It might feel lonely and frustrating to be out of touch with people, but imagine how angry and helpless you’ll feel later if your social media activity ends up hurting your case and costing you tens of thousands of dollars (or more) in potential damages that you need to pay medical bills and expenses.
What About Making Posts Private?
While we do recommend that you set all your social media accounts to private as soon as possible after your accident, you should not let this give you a false sense of security. It might make it more difficult for the insurer to review your posts, but the reality is that they are often able to gain access anyway.
The privacy settings on your social media account don’t really matter when it comes to a personal injury lawsuit. Courts have repeatedly ruled that social media users can’t expect privacy when they post online. Even content marked or tagged as “private”—including direct messages to other users that are never intended to be seen by anyone else—can be used as evidence in lawsuits.
Truthfully, there’s no combination of privacy settings that can make your social media content “safe” after a car accident. You should always treat that anything you post as publicly accessible, regardless of settings.
What if I’ve Already Posted About My Accident on Social Media?
If you’ve already posted information on your social accounts and you’re regretting it after you read this article, do NOT go back and delete the posts or content in question. The consequences for this could be serious.
The court might view this as tampering with evidence, especially if the attorneys for the other side have already made a discovery request asking for access to your social media accounts. (It’s also worth noting that “deleting” a post doesn’t necessarily mean it’s gone forever—they could still be stored on the social media company’s servers, and potentially be retrieved.)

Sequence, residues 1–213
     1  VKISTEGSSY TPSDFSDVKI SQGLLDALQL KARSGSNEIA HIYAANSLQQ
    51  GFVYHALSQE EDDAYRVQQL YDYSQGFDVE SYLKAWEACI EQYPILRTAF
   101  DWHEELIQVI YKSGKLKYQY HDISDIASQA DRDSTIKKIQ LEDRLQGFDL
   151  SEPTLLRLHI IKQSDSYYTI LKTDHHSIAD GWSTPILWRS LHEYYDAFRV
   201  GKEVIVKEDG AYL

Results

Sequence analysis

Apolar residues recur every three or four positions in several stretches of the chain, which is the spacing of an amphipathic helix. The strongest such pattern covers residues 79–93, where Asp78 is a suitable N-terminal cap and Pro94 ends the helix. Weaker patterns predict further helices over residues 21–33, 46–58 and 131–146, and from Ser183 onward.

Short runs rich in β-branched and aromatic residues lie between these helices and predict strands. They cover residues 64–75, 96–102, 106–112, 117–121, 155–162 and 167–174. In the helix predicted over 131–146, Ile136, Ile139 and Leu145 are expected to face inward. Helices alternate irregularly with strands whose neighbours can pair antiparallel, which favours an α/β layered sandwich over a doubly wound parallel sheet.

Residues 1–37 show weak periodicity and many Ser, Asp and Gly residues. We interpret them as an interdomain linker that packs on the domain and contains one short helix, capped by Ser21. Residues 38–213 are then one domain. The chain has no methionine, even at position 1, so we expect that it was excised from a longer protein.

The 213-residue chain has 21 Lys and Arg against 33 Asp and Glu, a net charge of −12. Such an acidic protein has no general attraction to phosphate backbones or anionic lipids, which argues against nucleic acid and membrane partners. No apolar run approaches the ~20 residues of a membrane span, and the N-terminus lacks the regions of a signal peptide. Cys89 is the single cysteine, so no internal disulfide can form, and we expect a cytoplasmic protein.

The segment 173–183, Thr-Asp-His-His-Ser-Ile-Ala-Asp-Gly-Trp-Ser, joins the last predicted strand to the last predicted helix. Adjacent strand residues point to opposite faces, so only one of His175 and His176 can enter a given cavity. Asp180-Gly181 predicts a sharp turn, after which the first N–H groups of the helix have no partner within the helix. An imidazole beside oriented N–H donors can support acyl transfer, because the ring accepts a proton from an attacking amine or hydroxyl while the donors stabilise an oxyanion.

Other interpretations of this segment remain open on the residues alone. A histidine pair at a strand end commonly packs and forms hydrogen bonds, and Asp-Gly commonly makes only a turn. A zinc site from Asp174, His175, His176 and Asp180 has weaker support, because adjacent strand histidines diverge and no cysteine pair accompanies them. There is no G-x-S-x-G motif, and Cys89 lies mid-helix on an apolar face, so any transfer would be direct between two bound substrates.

Instead, leave your social media accounts alone and call an experienced car accident attorney right away for advice about your case.
If you’ve been hurt in a car accident in North Carolina and you have questions about how you should handle social media, or whether posts you’ve already created could cause trouble, the attorneys at Myers Law Firm can help. Give us a call for a free, no-risk consultation with an experienced attorney from our team right away.
Contact Myers Law Firm if You’ve Been Hurt in a Car Accident in North Carolina
At Myers Law Firm, we understand that the time after a serious car crash is often confusing, stressful, and scary. If you or a loved one has been injured due to someone else’s negligence, we’re here to help. When you choose us to represent you, we’ll act as your advocate and use our legal experience and resources to fight relentlessly for you until your case reaches a resolution.
Call our offices today at 888-376-2889 or fill out the contact form on our website to schedule your free consultation with us. We’ll use this time to get to know you, learn about your case, and inform you about your legal options so you can go forward with confidence.
The content provided here is for informational purposes only and should not be construed as legal advice on any subject.